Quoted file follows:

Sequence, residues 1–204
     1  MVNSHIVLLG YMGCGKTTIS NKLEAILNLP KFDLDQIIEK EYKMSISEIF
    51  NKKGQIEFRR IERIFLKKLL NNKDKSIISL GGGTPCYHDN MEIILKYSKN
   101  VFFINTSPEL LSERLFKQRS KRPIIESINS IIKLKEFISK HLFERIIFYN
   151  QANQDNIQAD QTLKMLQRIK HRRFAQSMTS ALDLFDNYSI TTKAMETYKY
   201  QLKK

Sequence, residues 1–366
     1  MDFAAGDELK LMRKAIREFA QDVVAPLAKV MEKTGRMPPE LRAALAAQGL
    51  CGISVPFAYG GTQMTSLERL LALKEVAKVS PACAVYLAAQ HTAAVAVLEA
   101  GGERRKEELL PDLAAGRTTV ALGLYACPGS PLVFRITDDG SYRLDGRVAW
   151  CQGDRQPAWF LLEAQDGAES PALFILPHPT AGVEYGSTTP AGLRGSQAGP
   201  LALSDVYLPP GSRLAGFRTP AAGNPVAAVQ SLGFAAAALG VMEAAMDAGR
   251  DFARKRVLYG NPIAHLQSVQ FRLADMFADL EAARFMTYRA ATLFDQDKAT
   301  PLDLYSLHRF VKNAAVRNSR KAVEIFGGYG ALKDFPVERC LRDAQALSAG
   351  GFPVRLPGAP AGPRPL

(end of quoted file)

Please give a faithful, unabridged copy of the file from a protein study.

Sequence, residues 1–204
     1  MVNSHIVLLG YMGCGKTTIS NKLEAILNLP KFDLDQIIEK EYKMSISEIF
    51  NKKGQIEFRR IERIFLKKLL NNKDKSIISL GGGTPCYHDN MEIILKYSKN
   101  VFFINTSPEL LSERLFKQRS KRPIIESINS IIKLKEFISK HLFERIIFYN
   151  QANQDNIQAD QTLKMLQRIK HRRFAQSMTS ALDLFDNYSI TTKAMETYKY
   201  QLKK

Sequence, residues 1–366
     1  MDFAAGDELK LMRKAIREFA QDVVAPLAKV MEKTGRMPPE LRAALAAQGL
    51  CGISVPFAYG GTQMTSLERL LALKEVAKVS PACAVYLAAQ HTAAVAVLEA
   101  GGERRKEELL PDLAAGRTTV ALGLYACPGS PLVFRITDDG SYRLDGRVAW
   151  CQGDRQPAWF LLEAQDGAES PALFILPHPT AGVEYGSTTP AGLRGSQAGP
   201  LALSDVYLPP GSRLAGFRTP AAGNPVAAVQ SLGFAAAALG VMEAAMDAGR
   251  DFARKRVLYG NPIAHLQSVQ FRLADMFADL EAARFMTYRA ATLFDQDKAT
   301  PLDLYSLHRF VKNAAVRNSR KAVEIFGGYG ALKDFPVERC LRDAQALSAG
   351  GFPVRLPGAP AGPRPL